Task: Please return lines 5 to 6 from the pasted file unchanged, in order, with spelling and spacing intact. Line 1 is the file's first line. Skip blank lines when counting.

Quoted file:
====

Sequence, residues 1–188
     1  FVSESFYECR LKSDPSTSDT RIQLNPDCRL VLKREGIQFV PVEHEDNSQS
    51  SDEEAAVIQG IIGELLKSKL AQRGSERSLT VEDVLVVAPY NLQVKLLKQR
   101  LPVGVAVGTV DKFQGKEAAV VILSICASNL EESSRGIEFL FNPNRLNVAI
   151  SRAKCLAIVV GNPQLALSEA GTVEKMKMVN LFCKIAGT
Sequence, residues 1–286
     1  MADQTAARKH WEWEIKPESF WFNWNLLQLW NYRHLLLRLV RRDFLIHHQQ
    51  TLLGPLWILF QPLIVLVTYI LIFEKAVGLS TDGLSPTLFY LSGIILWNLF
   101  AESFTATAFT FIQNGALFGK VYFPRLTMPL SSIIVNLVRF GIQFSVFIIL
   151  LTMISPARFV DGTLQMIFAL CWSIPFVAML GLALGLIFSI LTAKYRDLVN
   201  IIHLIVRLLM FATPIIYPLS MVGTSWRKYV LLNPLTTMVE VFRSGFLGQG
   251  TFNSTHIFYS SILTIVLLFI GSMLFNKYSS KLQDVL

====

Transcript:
   151  SRAKCLAIVV GNPQLALSEA GTVEKMKMVN LFCKIAGT
Sequence, residues 1–286